The peer pressure isn’t that strong. The rappers, the rock stars, and the cover girls aren’t that strong. The dudes on the corner aren’t that strong. Your family’s dysfunctional history isn’t that strong…
You can take back your family from whatever or whoever has gotten too much control over it. And when you are finally back in the driver’s seat, and God’ is your navigator, there’s no limit to how far your family can go, and how much fun you can have along the way!””
- Excerpted from the Introduction (pages 18-19)
Before he was Reverend Run, Joseph Simmons was better known as the rap
star Run of Run-DMC. But after the murder of fellow group member Jam-Master Jay in 2002, he became Born Again and studied to become an ordained minister.
A few years later, Rev Run and his second wife, Justine, first allowed MTV into their home in Saddle River, NJ to shoot a wholesome reality series revolving around them and their six children.
That hit show, Run’s House, cuts a sharp contrast to those slumming shows which delight in exploiting the ignorance of trashy folks obviously plagued by some serious dysfunction. Fortunately, the Simmons’ formula has worked in terms of television ratings, as they will start taping their 7th season in October, an indication that audiences are eager to see the day-to-day life of a sane and respectable Cosby Show-type family.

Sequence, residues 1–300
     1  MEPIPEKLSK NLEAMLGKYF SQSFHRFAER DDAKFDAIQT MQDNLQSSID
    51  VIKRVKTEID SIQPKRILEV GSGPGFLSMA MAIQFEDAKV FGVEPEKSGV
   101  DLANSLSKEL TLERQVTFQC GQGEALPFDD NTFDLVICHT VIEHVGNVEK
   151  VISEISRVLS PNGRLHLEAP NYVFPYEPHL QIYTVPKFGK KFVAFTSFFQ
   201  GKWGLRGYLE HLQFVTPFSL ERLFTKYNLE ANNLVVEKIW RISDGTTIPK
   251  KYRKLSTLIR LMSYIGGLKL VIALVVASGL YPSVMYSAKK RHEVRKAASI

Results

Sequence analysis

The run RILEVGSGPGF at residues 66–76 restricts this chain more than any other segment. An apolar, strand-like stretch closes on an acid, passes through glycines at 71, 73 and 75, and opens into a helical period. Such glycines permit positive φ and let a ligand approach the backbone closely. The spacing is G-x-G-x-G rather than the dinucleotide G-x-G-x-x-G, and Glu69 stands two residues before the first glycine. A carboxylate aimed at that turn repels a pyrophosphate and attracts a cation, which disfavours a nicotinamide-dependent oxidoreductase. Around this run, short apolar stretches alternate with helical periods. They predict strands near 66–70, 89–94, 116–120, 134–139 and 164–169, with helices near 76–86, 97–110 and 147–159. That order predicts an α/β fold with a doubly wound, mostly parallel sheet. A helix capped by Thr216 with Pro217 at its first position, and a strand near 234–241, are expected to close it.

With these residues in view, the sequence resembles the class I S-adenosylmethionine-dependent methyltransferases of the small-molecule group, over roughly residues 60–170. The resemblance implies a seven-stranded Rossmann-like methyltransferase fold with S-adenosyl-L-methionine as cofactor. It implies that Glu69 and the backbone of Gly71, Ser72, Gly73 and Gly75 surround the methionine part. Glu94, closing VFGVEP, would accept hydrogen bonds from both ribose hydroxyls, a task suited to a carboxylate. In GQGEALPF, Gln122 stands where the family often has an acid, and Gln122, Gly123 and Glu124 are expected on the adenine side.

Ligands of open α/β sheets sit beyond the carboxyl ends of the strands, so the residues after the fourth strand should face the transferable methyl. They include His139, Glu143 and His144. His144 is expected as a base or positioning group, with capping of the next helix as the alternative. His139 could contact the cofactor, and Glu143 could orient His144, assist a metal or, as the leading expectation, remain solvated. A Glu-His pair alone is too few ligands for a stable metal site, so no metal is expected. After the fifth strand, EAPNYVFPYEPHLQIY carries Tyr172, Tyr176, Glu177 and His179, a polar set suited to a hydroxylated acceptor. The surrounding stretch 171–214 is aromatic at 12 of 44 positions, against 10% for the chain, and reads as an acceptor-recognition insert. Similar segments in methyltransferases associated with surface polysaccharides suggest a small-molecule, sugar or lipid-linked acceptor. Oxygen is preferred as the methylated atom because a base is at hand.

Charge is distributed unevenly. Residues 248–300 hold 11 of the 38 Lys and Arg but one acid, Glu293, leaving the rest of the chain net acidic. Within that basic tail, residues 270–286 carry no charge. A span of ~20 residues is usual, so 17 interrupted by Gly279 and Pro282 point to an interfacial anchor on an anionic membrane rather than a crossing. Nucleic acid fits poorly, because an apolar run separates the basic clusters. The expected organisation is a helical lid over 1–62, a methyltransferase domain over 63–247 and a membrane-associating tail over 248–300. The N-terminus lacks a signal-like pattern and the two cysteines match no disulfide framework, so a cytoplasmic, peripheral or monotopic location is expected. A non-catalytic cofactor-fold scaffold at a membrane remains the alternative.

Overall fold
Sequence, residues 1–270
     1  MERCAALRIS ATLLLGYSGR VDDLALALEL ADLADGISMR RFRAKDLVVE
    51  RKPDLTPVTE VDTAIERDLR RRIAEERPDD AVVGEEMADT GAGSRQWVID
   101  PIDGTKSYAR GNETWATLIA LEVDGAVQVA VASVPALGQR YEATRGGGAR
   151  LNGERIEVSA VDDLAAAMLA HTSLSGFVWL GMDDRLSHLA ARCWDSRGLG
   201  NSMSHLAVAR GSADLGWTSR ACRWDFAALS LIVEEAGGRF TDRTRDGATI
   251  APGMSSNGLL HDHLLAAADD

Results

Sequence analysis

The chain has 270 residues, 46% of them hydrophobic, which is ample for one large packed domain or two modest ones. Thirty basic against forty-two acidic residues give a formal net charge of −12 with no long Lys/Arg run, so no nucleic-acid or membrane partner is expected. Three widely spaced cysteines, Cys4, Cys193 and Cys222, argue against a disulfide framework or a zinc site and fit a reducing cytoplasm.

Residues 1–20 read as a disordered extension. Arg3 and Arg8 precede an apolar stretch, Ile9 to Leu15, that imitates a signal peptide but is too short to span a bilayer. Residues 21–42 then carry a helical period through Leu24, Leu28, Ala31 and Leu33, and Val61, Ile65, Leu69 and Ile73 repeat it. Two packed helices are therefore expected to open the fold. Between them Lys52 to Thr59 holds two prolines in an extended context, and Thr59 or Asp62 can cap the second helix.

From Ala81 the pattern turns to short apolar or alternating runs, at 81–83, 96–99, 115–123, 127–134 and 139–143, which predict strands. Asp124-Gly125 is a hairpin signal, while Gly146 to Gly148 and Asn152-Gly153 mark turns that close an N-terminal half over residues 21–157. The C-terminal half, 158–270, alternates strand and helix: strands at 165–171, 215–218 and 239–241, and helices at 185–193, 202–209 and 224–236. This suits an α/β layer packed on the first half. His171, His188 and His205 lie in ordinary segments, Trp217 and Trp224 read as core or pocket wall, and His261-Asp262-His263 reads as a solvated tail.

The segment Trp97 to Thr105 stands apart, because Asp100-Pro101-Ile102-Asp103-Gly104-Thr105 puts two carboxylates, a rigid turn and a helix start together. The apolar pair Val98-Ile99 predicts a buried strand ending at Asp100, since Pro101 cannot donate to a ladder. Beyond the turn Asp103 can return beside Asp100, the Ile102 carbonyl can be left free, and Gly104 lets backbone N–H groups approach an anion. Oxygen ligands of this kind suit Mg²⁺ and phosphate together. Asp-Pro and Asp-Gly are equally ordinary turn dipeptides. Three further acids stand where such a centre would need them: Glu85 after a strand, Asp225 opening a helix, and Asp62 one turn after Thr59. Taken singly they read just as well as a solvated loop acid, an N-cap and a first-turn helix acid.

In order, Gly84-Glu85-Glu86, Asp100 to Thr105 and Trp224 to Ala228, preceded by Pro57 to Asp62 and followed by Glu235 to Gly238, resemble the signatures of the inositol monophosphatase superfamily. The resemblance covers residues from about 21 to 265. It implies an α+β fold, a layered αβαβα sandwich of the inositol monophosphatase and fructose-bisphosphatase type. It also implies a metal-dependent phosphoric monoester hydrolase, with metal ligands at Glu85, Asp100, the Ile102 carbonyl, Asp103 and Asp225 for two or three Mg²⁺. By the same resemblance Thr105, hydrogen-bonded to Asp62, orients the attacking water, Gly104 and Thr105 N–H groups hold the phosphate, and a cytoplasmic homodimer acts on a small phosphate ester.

In Take Back Your Family: How to Raise Respectful and Loving Kids in a Dysfunctional World, Rev Run and Justine have reduced their tough love child-rearing philosophy into a handy tome designed to help anyone who might feel overwhelmed by their responsibility as parents. Laced with entertaining personal anecdotes and asides, the book proves to be as entertaining as it is enlightening.
The couple’s no-nonsense philosophy basically calls for you to be your children’s #1 role model and to lead by example in order to prevent the media, the street or other bad influences from shaping your kids. They also believe that you can’t correct what you don’t confront, so they say it is imperative that you have rules, be involved, and not behave like an ostrich when you have hints of serious issues simmering under the surface.
A sensible primer on pro-active parenting which puts an appropriate emphasis on cultivating core values, discipline and faith in these troubled times when impressionable young minds can be so easily seduced by the culture’s shallow materialism.
Take Back Your Family:How to Raise Respectful and Loving Kids in a Dysfunctional World
by Rev Run and Justine Simmons
with Chris Morrow
284 pages, illustrated